Round rooms seem made for a fisheye lens. This is the inside of the green glass globe at Martin University. You can catch a glimpse of it while driving westbound on the north side of Interstate 70 coming into downtown Indianapolis. It is an interesting, unusual teaching space that seems perfectly suited for it’s use as a Nasa Lab. I don’t get to use the fisheye lens much with Architectural photography.
Leaving Prague we first had to change money to get the van out of the train station parking lot. I don’t remember exactly how much it was for three days but it seems like it was several thousand Czech Crowns. There was a little excitement when we had to step over several drunks sleeping in the stairwell of the parking garage…
Top of the train station. Built in 1871 and originally called Franz Josef Station, it was renamed Wilson Station from 1945 to 1953 and had a statue of Woodrow Wilson in the nearby park. Germans tore down the statue in 1941 when US entered the war… Station is now named Praha Hlavni Nadrazi
Leaving the city we headed southwest out of the Czech Republic and back into Germany and on to Passau, in Bavaria. Shot this photo through the window as we traveled past one of many “solar farm” installations. The contryside scenery is beautiful, far more scenic than Indiana flat farm fields, but I never found myself wishing the solar panels or wind mills weren’t there. If they don’t “spoil” this scenery they certainly won’t spoil Indiana’s…
We stopped first to check in at our next hotel for the night. There was a little bakery across the street from our room. I liked the simplicity of the lines and color.
Another cool manhole cover. This one is in Passau but was made in Kaiserslautern (the town Jennie lives in).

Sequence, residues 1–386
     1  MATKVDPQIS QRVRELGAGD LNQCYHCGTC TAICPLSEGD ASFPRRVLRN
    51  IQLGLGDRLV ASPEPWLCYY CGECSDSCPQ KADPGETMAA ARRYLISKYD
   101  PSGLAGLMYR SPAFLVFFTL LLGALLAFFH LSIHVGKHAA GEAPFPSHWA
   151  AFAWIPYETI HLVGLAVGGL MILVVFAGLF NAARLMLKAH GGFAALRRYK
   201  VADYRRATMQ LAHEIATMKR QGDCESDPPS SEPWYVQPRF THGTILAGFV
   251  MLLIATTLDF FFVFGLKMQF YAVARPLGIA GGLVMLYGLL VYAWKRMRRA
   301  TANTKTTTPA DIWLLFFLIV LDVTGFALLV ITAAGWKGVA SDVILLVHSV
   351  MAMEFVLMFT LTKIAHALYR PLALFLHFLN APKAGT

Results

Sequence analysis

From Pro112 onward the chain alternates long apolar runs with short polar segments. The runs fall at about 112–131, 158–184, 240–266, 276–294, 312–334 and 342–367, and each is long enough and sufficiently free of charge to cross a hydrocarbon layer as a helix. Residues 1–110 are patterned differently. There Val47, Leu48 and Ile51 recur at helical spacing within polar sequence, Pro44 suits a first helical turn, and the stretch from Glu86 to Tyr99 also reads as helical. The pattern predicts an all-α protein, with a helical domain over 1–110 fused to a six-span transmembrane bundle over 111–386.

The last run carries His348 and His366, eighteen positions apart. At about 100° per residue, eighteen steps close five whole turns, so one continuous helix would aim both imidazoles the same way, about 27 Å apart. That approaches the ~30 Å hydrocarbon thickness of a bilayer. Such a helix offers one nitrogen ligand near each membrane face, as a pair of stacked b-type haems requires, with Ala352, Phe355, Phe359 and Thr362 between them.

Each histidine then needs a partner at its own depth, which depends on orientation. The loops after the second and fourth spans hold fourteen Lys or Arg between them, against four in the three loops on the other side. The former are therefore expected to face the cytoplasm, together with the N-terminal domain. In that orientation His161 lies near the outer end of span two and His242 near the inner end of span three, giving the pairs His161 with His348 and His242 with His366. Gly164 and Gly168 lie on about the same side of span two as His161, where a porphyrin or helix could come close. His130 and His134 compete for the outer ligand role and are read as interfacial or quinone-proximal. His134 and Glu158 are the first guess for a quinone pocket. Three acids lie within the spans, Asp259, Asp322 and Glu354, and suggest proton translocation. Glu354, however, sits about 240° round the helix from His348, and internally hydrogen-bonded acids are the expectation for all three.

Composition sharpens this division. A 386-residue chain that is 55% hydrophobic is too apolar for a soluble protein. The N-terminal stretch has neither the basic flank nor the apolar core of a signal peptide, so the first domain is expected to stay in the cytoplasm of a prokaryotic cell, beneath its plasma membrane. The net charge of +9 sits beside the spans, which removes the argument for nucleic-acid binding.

An extravagant sign
St. Stephan’s Cathedral (Dom St. Stephan) – Baroque, around 1668.
It has “the largest organ outside the United States and the largest of any Cathedral in the world” with 17,774 pipes.
Tower of St. Stephen’s
Ornamental metal work above the entry doors.
Then walk inside and say “wow”. Next photo is a merging of 4 photos into one.
Someones bones (relics) encased in a glass altar. Kinda creepy, actually lotta creepy. I have a closeup but I’ll spare you. The label says “SANQVIS SII CASTVLI MARTURIS”. Anyone know what that means?
Leaving the church to enter a side courtyard we passed a wood door with beautiful carving and awesome door pulls.
A Bear door pull
This sundial on the wall was accurately displaying 3:30.
There was a hand, with a finger pointing…
…from this door…
…to this dude just inside the doorway
Then wandering back through town for some shopping and sight seeing.
And more sightseeing
A stroll along the “Blue” Danube River with nice reflections
A cool entrance
More awesome wood carving on doors
And some final streetscape and signs before it got dark and we went back to the church for an organ recital